oily aperture

Discussion in 'Beyond the Basics' started by doctormark, Aug 6, 2009.

  1. doctormark

    doctormark TPF Noob!

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    The aperture blades on one of my lenses are very sluggish and I can see oil smears on them. Is there a way to get in there and clean them, or is the lens toast? It's a great lens other than that.
     
  2. JerryPH

    JerryPH No longer a newbie, moving up!

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    My question is... how did anthing like that get in there in the first place? Now, taking apart a lens is not something that I would suggest for the average person to do. Either take it to a good place that can repair issues like this or send it back to the manufacturer for repairs.

    This is not a job for the amateur.
     
  3. KmH

    KmH Helping photographers learn to fish Supporting Member

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    I've cleaned primes myself in the past. You just need to make the right tools to disassemble/reassemble the lens and aperture mechanism.

    I wouldn't attempt a zoom.

    The safest bet is to let a repair facility do it.
     
  4. Soocom1

    Soocom1 TPF Noob!

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    Having cleaned aperture blades before...DONT do it!!!!
    They are a pain to get re-aligned, and if not set up in a clean room environment, you'll make the problem worse, or ruin the lens all together.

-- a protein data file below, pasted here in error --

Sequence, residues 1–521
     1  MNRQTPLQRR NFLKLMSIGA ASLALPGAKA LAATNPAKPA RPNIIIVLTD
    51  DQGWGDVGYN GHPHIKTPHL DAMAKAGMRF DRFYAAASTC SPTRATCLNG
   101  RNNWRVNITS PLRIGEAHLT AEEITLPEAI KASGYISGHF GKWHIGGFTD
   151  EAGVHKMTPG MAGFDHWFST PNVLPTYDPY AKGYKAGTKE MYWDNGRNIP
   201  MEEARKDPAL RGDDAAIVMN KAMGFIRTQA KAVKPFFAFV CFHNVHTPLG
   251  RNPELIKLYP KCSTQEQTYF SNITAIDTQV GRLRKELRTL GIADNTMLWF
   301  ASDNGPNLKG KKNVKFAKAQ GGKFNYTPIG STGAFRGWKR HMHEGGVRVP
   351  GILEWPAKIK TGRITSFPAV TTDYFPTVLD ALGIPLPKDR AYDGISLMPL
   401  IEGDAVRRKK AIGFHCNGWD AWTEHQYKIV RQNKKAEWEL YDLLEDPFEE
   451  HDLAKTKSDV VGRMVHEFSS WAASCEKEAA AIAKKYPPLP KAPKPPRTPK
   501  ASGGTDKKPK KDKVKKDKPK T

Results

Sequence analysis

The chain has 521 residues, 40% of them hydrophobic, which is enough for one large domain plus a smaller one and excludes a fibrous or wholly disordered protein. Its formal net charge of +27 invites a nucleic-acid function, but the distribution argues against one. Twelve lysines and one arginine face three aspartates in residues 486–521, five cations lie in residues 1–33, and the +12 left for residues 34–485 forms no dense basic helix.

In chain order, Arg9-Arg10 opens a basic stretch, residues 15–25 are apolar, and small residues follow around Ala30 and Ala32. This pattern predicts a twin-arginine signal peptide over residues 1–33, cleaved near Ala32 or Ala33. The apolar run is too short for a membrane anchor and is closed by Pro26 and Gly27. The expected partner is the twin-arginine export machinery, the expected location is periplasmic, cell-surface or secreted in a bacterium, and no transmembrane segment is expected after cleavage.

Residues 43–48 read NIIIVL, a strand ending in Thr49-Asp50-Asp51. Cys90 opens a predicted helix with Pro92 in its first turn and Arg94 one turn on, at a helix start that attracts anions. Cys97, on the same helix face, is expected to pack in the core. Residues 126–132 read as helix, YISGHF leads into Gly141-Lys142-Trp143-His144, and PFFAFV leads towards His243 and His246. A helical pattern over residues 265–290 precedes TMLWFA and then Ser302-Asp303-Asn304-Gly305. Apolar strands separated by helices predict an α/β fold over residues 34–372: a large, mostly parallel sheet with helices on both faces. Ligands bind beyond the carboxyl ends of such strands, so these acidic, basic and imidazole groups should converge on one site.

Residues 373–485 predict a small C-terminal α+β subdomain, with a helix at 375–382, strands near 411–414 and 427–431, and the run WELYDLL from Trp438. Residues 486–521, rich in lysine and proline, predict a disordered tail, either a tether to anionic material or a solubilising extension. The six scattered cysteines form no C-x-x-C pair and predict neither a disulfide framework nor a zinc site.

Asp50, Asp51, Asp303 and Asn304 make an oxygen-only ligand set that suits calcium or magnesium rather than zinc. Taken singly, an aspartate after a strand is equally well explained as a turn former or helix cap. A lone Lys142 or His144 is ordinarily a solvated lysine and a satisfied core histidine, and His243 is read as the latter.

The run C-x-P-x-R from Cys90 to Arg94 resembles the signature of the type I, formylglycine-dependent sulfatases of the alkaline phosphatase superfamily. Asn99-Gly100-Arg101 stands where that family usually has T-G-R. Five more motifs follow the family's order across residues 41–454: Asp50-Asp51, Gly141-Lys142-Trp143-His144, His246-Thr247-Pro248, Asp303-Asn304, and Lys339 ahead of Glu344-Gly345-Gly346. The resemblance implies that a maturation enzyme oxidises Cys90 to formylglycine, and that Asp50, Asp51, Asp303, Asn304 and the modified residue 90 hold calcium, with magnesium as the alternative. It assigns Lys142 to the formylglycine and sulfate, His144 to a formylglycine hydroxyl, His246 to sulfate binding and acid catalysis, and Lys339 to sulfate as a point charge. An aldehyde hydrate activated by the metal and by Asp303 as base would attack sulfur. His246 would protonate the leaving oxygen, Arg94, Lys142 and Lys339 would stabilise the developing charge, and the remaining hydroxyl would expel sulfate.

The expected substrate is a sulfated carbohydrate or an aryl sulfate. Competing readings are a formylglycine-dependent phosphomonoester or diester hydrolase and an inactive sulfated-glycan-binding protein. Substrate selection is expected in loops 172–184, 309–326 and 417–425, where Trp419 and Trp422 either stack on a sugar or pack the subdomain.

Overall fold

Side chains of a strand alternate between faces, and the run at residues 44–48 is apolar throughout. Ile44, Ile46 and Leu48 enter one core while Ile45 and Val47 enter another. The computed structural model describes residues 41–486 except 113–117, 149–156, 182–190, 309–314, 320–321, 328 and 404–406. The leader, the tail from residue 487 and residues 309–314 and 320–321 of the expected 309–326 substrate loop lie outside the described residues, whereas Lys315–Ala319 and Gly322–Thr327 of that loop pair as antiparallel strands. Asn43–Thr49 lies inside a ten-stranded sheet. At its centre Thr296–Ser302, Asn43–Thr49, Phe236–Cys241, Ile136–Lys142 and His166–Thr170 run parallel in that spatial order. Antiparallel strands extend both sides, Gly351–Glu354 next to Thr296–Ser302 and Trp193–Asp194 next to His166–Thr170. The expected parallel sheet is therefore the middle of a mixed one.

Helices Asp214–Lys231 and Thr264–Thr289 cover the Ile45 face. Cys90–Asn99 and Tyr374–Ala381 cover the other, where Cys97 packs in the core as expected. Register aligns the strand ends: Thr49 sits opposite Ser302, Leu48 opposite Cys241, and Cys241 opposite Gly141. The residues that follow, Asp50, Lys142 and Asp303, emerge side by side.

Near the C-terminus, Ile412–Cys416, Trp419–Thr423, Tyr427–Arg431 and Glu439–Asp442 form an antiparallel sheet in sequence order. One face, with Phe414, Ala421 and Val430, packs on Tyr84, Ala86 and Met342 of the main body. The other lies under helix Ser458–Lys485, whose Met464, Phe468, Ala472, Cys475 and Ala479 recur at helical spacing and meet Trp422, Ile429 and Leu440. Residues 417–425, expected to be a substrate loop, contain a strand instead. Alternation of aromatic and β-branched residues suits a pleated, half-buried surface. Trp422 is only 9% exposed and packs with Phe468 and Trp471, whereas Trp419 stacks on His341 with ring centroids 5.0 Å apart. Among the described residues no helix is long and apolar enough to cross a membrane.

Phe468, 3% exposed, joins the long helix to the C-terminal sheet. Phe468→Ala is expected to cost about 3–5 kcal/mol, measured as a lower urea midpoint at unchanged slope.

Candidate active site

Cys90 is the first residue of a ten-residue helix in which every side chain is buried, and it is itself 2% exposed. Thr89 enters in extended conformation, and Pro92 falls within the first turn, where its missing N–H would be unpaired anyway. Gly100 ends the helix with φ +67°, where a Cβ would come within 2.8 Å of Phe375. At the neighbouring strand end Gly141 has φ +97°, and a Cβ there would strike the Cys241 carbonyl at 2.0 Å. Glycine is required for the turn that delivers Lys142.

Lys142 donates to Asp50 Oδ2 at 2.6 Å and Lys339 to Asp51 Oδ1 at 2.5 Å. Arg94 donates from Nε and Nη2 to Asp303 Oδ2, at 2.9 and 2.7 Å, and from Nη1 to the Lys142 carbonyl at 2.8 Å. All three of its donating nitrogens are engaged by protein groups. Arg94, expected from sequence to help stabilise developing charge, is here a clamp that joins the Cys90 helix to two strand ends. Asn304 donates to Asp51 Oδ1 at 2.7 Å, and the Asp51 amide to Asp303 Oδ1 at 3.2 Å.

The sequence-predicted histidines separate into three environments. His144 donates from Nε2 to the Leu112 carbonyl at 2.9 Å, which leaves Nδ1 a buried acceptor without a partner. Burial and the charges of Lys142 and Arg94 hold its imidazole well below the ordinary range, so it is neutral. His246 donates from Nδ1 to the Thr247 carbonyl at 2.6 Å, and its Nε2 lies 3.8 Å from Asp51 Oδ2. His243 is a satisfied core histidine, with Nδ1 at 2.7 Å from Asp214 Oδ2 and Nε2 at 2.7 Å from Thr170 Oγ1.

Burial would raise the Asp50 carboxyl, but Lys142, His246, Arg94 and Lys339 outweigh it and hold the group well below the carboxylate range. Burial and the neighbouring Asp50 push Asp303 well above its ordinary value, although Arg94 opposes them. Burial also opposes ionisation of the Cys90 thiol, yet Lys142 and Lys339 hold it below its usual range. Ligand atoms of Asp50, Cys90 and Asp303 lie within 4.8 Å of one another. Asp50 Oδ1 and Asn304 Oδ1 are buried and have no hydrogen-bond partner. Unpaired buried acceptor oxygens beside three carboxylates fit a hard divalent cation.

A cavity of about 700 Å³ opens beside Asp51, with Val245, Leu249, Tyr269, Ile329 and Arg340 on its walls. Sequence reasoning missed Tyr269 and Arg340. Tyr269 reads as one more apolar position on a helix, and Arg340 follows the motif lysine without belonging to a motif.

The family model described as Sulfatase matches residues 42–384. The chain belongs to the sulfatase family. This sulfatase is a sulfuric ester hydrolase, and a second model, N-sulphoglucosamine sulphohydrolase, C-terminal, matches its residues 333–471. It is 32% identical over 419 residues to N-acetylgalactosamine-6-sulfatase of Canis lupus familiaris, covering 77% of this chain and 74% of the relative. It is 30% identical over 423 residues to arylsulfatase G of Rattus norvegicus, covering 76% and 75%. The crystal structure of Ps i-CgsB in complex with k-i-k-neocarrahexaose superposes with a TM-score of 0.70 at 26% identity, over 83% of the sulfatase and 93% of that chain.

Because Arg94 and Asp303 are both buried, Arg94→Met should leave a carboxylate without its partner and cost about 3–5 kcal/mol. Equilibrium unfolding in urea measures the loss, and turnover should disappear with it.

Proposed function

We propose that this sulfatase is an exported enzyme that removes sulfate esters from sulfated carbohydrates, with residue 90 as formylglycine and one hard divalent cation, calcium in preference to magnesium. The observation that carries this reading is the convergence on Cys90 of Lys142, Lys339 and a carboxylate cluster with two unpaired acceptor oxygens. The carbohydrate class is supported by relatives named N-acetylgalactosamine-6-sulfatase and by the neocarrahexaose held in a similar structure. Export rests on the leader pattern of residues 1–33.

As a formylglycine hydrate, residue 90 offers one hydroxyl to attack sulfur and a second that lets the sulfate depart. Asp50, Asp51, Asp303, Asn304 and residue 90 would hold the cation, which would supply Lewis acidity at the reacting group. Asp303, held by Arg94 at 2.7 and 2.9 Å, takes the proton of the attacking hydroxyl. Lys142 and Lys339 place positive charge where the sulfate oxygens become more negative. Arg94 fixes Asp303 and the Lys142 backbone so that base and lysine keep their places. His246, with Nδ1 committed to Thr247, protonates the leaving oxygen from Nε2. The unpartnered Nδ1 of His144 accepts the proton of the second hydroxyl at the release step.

BTW, the tools are specifically designed to lenses, as the fact that scratching the black paint on the inside of the barrel will cause great light scatter.
     
  5. SrBiscuit

    SrBiscuit TPF Noob!

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    what lens?
     
  6. doctormark

    doctormark TPF Noob!

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    yeah ok good plan. but it is definitely the oil thats making them slow and sloppy?
     
  7. Dwig

    Dwig TPF Noob!

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    Yes.

    There may be other problems, but any visible oily film on the iris blades will casue them to operate too slow for reliable use. The usual source for this oil is the grease used to lubricate the focusing mechinism. The most common culprit is the grease used in Nikon's earlier floating element, aka CRC, designs. Even so, it can happen with any lens, but is rarer in modern (<15 years old) lenses.
     
  8. KmH

    KmH Helping photographers learn to fish Supporting Member

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    No. It's more likely dust that gets caught in the oil.
     

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